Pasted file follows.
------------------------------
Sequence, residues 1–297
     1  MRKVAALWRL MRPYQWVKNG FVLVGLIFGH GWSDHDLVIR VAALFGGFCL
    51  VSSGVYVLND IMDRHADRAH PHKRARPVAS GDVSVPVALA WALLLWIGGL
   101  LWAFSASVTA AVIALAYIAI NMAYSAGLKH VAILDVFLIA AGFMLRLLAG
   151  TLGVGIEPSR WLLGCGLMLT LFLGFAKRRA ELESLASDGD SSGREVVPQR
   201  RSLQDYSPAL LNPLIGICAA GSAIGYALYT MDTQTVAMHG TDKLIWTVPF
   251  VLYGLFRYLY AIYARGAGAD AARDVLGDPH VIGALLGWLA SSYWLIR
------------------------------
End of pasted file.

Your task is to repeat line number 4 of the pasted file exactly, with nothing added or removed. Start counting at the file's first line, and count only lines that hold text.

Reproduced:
   101  LWAFSASVTA AVIALAYIAI NMAYSAGLKH VAILDVFLIA AGFMLRLLAG